Somewhere in the Great Beyond, Paddy Chayefsky cleared his throat meaningfully.
“The American people are sick and tired of establishment politics and economics, and by the way, a little bit tired of corporate media as well,” Sanders told Maddow in an interview taped in Burlington, Vermont.
Maddow pressed Sanders for specifics on how he would change the media if he were president.
“What’s the solution to corporate media?” she asked.
“We have got to think of ways the Democratic party, for a start, starts funding the equivalent of Fox television,” Sanders answered.
Of course, MSNBC is a corporate media outlet that is widely seen as a Democratic version of Fox News because of the perceived sympathies of many of its political talk shows.
Sanders went on to argue that “pressure has got to be put on media” to cover policy issues like income inequality and poverty more heavily, instead of devoting attention to sensational campaign moments and the state of political horse races.
He then claimed that bringing that pressure to bear would be difficult, since corporate ownership makes it harder for news outlets to cover issues in a way that conflicts with the interests of top executives.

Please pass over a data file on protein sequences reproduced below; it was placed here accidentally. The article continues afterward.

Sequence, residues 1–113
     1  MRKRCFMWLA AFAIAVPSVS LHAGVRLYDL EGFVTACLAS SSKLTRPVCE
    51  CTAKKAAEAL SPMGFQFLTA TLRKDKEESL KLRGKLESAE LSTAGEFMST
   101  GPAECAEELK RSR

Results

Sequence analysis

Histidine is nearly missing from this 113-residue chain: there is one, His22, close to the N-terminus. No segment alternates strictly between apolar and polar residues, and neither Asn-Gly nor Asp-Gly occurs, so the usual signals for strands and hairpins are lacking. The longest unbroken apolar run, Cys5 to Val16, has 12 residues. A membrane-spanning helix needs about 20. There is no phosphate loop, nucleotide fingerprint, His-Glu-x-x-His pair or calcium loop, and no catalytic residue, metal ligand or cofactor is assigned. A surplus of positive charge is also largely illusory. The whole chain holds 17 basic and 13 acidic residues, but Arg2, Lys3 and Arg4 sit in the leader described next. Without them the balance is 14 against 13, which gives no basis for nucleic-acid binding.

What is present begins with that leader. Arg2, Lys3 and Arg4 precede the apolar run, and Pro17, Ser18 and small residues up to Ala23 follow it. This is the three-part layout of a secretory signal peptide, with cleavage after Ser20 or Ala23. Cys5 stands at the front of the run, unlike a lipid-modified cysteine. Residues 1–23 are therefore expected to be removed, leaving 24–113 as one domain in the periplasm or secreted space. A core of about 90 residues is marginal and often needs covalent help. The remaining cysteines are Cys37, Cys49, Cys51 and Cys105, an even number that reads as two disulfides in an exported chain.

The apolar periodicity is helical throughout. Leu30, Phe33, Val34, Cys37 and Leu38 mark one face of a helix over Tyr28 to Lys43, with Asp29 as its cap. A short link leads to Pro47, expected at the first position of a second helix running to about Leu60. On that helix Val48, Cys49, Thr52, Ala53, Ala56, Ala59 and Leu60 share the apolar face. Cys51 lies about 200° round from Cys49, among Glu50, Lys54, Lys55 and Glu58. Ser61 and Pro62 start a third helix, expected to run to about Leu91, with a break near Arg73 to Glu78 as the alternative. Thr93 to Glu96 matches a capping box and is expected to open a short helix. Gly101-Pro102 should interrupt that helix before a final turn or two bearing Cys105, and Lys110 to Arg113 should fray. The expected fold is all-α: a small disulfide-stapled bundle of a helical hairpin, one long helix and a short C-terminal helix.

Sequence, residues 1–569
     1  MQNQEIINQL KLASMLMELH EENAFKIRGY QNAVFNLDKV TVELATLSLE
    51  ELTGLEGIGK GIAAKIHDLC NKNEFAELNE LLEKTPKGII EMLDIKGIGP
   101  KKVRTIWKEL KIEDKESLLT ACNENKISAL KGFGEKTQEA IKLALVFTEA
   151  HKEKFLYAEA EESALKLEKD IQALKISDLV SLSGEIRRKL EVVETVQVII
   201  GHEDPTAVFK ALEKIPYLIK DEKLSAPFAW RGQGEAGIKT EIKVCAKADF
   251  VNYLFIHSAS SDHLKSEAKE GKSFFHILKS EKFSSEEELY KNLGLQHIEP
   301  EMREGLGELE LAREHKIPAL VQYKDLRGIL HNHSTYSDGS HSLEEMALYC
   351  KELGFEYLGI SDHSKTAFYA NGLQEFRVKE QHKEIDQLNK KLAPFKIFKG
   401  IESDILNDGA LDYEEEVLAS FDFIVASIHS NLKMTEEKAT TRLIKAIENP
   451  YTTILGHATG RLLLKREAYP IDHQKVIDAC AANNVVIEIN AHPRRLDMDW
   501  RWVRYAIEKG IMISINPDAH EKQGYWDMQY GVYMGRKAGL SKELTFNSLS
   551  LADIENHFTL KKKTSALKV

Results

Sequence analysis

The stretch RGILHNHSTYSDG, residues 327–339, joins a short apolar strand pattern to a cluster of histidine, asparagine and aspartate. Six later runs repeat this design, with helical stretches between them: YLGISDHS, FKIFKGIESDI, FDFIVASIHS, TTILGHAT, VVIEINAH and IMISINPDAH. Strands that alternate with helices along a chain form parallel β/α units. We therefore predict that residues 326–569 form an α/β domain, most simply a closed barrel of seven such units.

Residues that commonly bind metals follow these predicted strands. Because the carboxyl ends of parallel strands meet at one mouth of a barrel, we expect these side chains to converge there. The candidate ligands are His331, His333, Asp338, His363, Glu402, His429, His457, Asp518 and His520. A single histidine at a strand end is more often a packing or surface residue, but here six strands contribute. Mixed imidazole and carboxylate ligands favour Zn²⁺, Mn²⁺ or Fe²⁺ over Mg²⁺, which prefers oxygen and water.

“MSNBC is owned by who?” Sanders asked.
“Comcast, our overlords,” Maddow responded with a chuckle.
“All right, Comcast is not one of the most popular corporations in America, right?” Sanders said.
“And I think the American people are going to have to say to NBC and ABC and CBS and CNN, ‘You know what, forget the political gossip. Politics is not a soap opera. Talk about the real damn issues facing this country.’”
I really have seen this movie.
Howard Beale ended up fronting a "reality show" before we had reality shows (damn but Chayefsky was prescient!). And he was about as effective as Jerry Springer or Morton Downey, Jr. And if you don't remember both of those names, my point stands as taken. You can't lead the American horse to water, and you cannot make it think; at least not thoughts it is unwilling to think. To imagine that CNN and NBC and all the others media outlets are somehow denying the American public the meaningful public discourse they want to have is to talk like an adolescent on the internet. It's sheerest moonshine. Consider Pacifica Radio, which fulfills every dream of discussing serious issues that Bernie Sanders could wish for. Amy Goodman is barely identifiable as a public figure (she deserves more recognition), and most of Pacifica programming, after the one attempt at a takeover years ago now, has returned to music, and away from any meaningful content. And still Pacifica struggles to stay on the air. Whither Air America? Victim of a nefarious corporate conspiracy? A delicate flower choked out by the weeds of Clear Channel (who is now failing badly)? Or just not able to attract that many listeners?
You can talk all you want about "the real damn issues facing this country." What you can't do is make anybody listen.
I don't think Bernie has figured that out yet; which, at age 74, makes him a very sad figure, indeed.